Calculating emissions takes time and money better spent reducing them. A dodo could tell you that.

April 20, 2022 | By Deborah Abrams Kaplan

Smaller companies may not yet face the same regulatory requirements for reporting emissions as their larger counterparts, but, like everyone facing more extreme weather and other impacts brought on by climate change, they have a vested interested in reducing their carbon footprint.

Whether driven by their own concerns, those of customers and employees, or government regulations — in 2019, the U.K. became the first major economy to require businesses to reach net zero by 2050 — every business owner today is awakening to the fact that their success hinges on addressing the mounting climate crisis.

Unfortunately, not every business has the money or infrastructure to take action. That’s where Jack Kennedy saw an opening.

A former product manager and strategy consultant, Kennedy spotted a way to utilize data small- and medium-sized businesses already have in their accounting platforms to properly measure their carbon emissions and make the changes needed to reduce them.

This type of data sharing is called open banking — it allows people and businesses to grant permission to securely share their financial information with third parties, which then use the data to deliver faster and more customized services. In fact, several years ago, Kennedy used open banking to help gig workers build their credit scores and access short-term financing. He then realized he could follow similar methods to gather emissions data to help businesses attain climate goals more swiftly.

“Sustainability is obviously a big challenge, and a huge transition for companies with net-zero targets,” he says. “I wanted to use the skills I learned for a good purpose.”

In September 2020, he and Csaba Szabo took that idea and founded Dodo, a platform that uses companies’ accounting software to match up spending on categories such as airline flights, electricity and computer purchases with databases that provide carbon emissions information for each expense.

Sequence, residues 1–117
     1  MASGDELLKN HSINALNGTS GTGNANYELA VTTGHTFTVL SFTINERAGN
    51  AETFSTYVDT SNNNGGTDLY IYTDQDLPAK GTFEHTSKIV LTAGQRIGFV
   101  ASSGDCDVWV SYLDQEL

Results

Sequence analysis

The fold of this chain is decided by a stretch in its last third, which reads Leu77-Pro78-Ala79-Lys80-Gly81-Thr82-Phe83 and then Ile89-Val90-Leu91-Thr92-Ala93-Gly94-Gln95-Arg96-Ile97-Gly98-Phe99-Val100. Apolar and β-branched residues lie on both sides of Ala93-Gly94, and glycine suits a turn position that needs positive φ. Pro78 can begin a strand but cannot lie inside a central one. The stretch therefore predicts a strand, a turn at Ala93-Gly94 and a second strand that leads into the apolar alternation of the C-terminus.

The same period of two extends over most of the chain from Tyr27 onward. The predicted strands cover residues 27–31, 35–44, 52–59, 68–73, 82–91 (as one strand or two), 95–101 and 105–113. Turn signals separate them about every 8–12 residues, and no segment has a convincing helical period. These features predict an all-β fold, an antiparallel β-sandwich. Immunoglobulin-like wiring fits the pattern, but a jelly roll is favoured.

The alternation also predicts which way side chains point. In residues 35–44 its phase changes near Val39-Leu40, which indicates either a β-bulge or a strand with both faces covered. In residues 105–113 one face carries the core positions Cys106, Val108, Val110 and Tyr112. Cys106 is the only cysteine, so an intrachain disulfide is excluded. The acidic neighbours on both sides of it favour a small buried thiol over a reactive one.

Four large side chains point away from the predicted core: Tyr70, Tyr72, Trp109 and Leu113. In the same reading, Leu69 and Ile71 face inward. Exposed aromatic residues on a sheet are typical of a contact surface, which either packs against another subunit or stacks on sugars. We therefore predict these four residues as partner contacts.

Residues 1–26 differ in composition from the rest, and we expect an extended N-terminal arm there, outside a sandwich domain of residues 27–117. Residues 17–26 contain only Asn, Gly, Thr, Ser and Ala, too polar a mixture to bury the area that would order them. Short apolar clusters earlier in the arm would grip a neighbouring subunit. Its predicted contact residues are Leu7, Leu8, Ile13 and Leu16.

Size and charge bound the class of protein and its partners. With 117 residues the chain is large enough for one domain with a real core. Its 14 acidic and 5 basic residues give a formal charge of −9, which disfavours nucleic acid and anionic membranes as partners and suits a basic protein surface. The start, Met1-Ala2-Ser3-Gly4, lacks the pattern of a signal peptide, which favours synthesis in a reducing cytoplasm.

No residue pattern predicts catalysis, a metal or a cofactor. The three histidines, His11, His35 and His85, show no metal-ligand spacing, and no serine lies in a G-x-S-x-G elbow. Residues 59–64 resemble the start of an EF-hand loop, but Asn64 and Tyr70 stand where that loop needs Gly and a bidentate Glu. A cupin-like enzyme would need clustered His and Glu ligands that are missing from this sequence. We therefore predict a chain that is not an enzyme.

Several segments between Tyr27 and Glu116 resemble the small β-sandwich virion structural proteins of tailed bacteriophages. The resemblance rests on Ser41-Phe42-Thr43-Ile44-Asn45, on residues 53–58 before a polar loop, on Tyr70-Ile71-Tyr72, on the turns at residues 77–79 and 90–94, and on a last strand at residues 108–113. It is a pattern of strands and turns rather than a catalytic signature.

Dodo then takes the purchased services’ and goods’ value, multiplying it by emissions factors from these industry standard databases. An airplane flight might generate 300 kilograms (660 pounds) of carbon dioxide per passenger, so Dodo would multiply that by the number of flights company employees took for that subcategory. Dodo tracks greenhouse gas emissions across three so-called scopes: direct emissions from a company, indirect emissions from purchased power sources and indirect emissions from a company’s value chain, to calculate a carbon footprint.

“We’re trying to flip the equation. Companies want to reduce emissions, not just measure them.”
Jack Kennedy

Tracking this manually has traditionally gobbled up 80% of sustainability executives’ time, according to Dodo’s own research, leaving them with fewer hours to reduce emissions. “We’re trying to flip the equation,” Kennedy says. “Companies want to reduce emissions, not just measure them.”

In addition to saving time, Dodo’s reporting feature can help companies determine where to make changes. Its technology pinpoints the greatest opportunities for reducing carbon emissions, which could mean adding insulation or changing the source of electricity. Similarly, Dodo partners with Patch, a company that helps integrate carbon removal projects into businesses’ net-zero initiatives.

And later this year, the startup will also begin helping its customers access funding to lower their emissions. Through its new green lending offering, Dodo matches customers with U.K. bank products such as green bonds, sustainability LEED loans, and loans based on the company’s targets. Financing in this area is plentiful, with firms like Lloyds Banking Group committing to £5 billion ($6.5 billion) in green finance for commercial banking. And Dodo will use its data to ensure companies can obtain the most favorable loans possible.

Last winter, Dodo won the inaugural Climate Fintech Cards & Payments Challenge, co-sponsored by Mastercard, which then selected Dodo to join its startup engagement program Start Path this week. Kennedy hopes the program will help accelerate Dodo’s road map, as it expands into new markets and creating new partnerships in the financial sector to offer the green finance that companies need to reach net zero.

Kennedy named his company after dodo birds, which were the first recognized case of a species being driven to extinction by humans. He hopes his company will provide a similar call to action — before it’s too late. “We want to draw that line in the sand to say that we know what our impact is,” he says. “And we know we should do better.”

Deborah Abrams Kaplan